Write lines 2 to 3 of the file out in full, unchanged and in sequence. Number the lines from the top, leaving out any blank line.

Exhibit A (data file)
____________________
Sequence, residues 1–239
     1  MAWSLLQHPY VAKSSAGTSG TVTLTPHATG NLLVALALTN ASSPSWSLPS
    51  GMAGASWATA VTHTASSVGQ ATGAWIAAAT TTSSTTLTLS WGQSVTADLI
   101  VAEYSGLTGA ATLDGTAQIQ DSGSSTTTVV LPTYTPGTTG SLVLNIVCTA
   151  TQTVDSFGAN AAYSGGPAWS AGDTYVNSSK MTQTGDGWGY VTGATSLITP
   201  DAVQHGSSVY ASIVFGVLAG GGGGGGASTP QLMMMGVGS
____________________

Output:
     1  MAWSLLQHPY VAKSSAGTSG TVTLTPHATG NLLVALALTN ASSPSWSLPS
    51  GMAGASWATA VTHTASSVGQ ATGAWIAAAT TTSSTTLTLS WGQSVTADLI